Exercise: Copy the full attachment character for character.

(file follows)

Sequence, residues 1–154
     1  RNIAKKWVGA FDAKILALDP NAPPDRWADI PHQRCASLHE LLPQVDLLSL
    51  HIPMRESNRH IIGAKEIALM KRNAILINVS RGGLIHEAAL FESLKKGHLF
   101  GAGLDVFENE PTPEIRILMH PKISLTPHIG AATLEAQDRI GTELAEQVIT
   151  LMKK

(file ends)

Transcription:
Sequence, residues 1–154
     1  RNIAKKWVGA FDAKILALDP NAPPDRWADI PHQRCASLHE LLPQVDLLSL
    51  HIPMRESNRH IIGAKEIALM KRNAILINVS RGGLIHEAAL FESLKKGHLF
   101  GAGLDVFENE PTPEIRILMH PKISLTPHIG AATLEAQDRI GTELAEQVIT
   151  LMKK